July 14, 2013
Penn State President Rodney Erickson on Friday offered his best wishes to Henry C. "Hank" Foley, the university's vice president of research and the executive director of the Energy Efficient Buildings Hub at the Philadelphia Navy Yard, who is leaving for a job in Missouri. The university announced in June that Foley, who has worked at Penn State for 13 years and is also dean of the graduate school, was departing to become the executive vice president for academic affairs at the University of Missouri System.
August 26, 2011 | By Ray Parrillo, Inquirer Staff Writer
Evan Maschmeyer, a 6-foot-3, 205-pound wing guard from Jeffersonville (Indiana) High, has enrolled at St. Joseph's and will be eligible to play for the Hawks this season. A solid three-point shooter, Maschmeyer averaged 15 points a game and helped Jeffersonville reach the Indiana Class AAAA semifinals. Maschmeyer said injuries to his ankle and wrist limited him through most of his senior season, and recruiting interest dropped off as a result. He visited Boston College after his junior season, when he also attracted interest from Wisconsin and several Ivy League schools, including Penn.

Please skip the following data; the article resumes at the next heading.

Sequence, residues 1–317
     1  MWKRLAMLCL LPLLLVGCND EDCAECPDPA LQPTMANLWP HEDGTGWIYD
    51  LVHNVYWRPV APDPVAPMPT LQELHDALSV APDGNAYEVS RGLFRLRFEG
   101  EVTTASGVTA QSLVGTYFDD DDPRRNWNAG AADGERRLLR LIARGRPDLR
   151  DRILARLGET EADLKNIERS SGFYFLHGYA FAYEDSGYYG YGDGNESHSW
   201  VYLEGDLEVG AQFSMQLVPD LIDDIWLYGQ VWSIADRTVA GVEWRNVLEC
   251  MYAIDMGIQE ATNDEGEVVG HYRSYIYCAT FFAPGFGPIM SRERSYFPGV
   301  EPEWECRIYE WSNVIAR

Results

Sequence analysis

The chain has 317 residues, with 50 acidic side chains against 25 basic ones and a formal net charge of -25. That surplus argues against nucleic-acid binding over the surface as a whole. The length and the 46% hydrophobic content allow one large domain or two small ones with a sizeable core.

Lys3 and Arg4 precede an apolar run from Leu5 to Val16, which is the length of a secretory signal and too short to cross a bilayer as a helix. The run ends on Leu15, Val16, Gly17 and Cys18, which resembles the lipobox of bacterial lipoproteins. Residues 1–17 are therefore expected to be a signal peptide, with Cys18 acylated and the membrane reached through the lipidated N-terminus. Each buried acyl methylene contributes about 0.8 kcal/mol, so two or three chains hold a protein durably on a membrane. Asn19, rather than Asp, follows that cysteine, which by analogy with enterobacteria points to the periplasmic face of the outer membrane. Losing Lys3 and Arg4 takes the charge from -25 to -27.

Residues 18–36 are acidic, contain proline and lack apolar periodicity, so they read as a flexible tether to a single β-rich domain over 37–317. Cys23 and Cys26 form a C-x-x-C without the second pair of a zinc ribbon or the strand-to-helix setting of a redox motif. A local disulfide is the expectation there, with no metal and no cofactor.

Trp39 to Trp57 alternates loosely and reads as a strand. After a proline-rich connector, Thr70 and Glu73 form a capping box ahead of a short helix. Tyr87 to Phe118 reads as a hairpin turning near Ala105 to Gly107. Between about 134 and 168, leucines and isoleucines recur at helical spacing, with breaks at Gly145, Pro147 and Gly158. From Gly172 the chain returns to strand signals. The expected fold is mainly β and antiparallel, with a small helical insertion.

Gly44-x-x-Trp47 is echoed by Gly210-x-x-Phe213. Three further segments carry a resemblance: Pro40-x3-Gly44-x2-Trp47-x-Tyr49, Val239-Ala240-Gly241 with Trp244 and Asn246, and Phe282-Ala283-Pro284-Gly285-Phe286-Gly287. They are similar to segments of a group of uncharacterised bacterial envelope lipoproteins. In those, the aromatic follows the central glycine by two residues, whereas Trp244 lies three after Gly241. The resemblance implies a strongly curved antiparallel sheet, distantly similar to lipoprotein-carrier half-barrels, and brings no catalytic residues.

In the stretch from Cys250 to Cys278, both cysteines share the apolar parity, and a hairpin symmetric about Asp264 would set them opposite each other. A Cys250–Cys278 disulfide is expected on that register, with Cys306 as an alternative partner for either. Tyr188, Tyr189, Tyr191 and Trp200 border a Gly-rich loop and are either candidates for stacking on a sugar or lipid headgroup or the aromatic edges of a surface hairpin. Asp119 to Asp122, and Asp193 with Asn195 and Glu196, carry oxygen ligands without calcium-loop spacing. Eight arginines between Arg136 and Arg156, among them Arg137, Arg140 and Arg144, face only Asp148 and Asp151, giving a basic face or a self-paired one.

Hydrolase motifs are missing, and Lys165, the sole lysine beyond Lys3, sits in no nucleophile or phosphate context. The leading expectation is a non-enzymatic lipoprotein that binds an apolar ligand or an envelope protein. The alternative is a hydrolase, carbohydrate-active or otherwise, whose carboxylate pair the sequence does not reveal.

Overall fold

January 9, 2013 | By Peter Dobrin, Inquirer Culture Writer